Al-Ahram Weekly Online   28 July - 3 August 2005
Issue No. 753
Published in Cairo by AL-AHRAM established in 1875

Yunan Labib Rizk

Al-Ahram: A Diwan of contemporary life (607)

Crowning moment

Farouk's coronation as king in July 1937 was supposed to be a time of celebration but in the period leading up to it, there were rumbles over its religious connotation. Professor Yunan Labib Rizk examines the ceremonial crisis

Click to view caption
On 30 July 1937 Al-Ahram produced a commemorative edition. The front page was emblazoned with two large pictures, the first of the king surrounded by palace officials, other members of the royal household and Prime Minister El-Nahhas; the second of the king in the company of the government ministers.

When, on 28 April 1936, King Fouad I departed for the hereafter, his sole son and heir apparent had not yet reached the legal age of majority: 18 reckoned in Islamic lunar years. A regency council was therefore appointed to act in his stead until he reached that age, which he would on 29 July 1937.

During this approximately 15-month interval, Egyptians were preoccupied by several crucial events. Foremost among these were the Anglo-Egyptian negotiations which resulted in the 1936 Anglo-Egyptian Treaty, the first treaty in the history of bilateral relations between the two nations. There followed the talks that took place in the Swiss spa city Montreaux between Egypt and the countries that had long enjoyed the privileges and immunities of the Capitulations System. The talks resulted in another coup for Egypt. The Montreaux Convention set into motion a series of provisions whereby the Capitulations would be phased out over a period of 12 years.

In the midst of these developments, the young Farouq, surrounded by a huge retinue, took a tour of Europe, the declared purpose of which was to broaden his horizons and better equip him to ascend the throne of his ancestors. News of this journey appeared in the press from time to time, although it was Muhammad El-Tabie, a journalist in the royal retinue, who would bequeath a detailed account, which later appeared in his book From the secret annals of politicians and politics. In all events, as the day of Farouq's return to Egypt approached, preparations got under way for his coronation. Few would have expected these preparations to suddenly flare up into a crisis.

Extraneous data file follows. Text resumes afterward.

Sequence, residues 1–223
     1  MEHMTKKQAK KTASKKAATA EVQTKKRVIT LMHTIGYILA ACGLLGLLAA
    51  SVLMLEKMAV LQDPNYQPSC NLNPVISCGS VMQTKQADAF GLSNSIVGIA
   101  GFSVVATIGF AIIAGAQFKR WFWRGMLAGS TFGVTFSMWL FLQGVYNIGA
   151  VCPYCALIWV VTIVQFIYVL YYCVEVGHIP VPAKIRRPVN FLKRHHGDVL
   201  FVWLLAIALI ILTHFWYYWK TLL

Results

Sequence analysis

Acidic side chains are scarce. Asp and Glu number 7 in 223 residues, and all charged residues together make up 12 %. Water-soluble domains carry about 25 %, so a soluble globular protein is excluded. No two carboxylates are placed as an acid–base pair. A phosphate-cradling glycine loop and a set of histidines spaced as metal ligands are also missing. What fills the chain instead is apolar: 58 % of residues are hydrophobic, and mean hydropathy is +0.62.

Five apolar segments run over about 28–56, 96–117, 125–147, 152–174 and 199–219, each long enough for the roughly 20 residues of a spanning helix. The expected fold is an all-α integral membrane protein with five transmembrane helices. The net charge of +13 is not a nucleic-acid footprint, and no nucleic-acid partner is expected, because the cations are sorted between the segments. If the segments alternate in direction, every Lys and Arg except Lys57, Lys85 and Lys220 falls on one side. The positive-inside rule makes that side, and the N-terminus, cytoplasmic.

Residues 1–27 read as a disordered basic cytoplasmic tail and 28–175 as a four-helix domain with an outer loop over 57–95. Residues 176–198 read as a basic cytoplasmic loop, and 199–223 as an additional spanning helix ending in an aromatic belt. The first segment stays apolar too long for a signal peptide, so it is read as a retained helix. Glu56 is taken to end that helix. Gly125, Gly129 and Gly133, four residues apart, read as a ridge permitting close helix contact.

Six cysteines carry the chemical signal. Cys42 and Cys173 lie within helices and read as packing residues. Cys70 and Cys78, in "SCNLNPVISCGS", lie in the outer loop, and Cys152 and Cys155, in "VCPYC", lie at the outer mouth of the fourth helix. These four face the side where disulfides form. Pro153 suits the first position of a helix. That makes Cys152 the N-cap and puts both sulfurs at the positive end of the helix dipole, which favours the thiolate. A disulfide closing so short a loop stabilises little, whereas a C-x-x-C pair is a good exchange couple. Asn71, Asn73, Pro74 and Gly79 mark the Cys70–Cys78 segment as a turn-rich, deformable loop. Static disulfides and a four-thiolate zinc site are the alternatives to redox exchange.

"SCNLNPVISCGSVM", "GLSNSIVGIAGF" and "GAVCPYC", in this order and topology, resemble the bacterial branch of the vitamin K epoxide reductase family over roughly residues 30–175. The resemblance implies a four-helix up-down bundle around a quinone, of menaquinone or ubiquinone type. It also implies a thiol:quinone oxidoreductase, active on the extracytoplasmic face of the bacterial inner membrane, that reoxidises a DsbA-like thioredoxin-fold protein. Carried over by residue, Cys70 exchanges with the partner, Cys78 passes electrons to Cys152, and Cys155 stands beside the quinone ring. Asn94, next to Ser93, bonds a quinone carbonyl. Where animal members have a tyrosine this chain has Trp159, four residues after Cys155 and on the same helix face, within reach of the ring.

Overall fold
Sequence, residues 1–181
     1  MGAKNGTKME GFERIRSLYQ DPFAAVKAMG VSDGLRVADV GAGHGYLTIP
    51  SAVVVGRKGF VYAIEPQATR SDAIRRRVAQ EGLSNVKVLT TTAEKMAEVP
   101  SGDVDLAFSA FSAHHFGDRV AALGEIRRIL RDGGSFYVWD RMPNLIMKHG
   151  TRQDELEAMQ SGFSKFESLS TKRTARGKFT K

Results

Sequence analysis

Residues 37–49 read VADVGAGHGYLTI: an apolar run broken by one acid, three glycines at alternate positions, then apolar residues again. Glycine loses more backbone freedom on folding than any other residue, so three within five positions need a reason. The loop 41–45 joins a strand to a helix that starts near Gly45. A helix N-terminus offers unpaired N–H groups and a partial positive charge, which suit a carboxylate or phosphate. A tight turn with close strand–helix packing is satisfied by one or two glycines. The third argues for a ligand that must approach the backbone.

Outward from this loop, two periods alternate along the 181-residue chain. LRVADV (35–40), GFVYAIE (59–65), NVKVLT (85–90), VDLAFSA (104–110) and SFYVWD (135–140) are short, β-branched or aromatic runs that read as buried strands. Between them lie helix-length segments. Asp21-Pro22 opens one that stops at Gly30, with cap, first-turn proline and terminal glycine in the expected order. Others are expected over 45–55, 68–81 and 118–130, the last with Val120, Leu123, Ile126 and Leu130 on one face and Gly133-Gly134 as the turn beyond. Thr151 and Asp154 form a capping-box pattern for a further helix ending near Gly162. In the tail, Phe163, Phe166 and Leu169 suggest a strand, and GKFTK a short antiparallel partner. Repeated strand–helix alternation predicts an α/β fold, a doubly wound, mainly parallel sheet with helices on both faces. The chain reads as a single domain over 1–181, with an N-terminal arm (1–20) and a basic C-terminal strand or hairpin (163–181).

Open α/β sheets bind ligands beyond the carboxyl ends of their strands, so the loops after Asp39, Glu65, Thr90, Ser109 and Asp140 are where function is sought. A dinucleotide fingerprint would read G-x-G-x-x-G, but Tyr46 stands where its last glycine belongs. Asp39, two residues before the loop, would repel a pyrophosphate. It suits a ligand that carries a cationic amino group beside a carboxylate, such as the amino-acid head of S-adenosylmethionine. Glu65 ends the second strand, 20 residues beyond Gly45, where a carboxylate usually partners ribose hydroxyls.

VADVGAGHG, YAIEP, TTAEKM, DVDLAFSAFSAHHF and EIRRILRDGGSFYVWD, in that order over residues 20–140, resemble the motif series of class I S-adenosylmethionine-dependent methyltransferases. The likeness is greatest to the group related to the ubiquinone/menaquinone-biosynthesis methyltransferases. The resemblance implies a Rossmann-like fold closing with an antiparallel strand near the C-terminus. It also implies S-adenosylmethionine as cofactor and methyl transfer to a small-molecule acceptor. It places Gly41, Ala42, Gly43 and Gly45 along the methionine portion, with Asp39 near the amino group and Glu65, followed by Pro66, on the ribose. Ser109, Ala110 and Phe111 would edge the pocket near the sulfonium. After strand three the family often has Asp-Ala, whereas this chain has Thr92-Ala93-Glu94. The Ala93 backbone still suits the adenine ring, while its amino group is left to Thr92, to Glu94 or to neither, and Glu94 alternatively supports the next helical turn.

It was commonly believed that the cause of the crisis was Farouq's desire for a religious ceremony, a desire supported by his advisors, prime among them Ahmed Hassanein Pasha, but opposed by the Wafdist government of the time. The Wafd Party feared that in pursuing such a ceremony the palace hoped to lend a religious aura to its already formidable autocratic powers. The fear was fed by the not-so-distant memory of King Fouad's campaign to become caliph, which he initiated shortly after Kemal Ataturk, founder of the Turkish Republic, abolished the seat of this spiritual/political position in Istanbul. The king abandoned this bid only after the appearance of Sheikh Ali Abdel-Razeq's Islam and the Principles of Rule, the controversy over which led to the collapse of the Ahmed Ziwar government and the exposure of the palace's designs.

The analogy between Farouq's desire for a religious coronation ceremony and his father's campaign to become caliph is not particularly strong. Circumstances in 1937 differed greatly from those that prevailed in 1924 at the time of Ataturk's abolition of the Caliphate.

For one, in 1924 there was no way Egyptians were going to approve increased powers for the king, certainly not after his attempts to undermine the recently ratified constitution of 1923. Not only had Fouad taken advantage of the assassination of the British Sirdar Sir Lee Stack in 1924 to dismiss the popularly elected Prime Minister Saad Zaghlul, he appointed in the latter's stead one of his toughest supporters whose fawning obedience to the king quickly became the object of national jest. Farouq had no such reputation. In addition, his youth and general good looks made it easy for palace officials to portray him to the Egyptian people as their hope for a brighter future.

A second difference was that not long before Farouq was due to be crowned, George V died and his son Edward VII ascended the British throne. Egyptians, like other peoples of the empire, followed the British coronation with their heavy religious overtones. Many were keen to emulate that splendid and sombre ritual, but not to the letter. Egypt was an Islamic country and its coronation ceremonies should reflect this.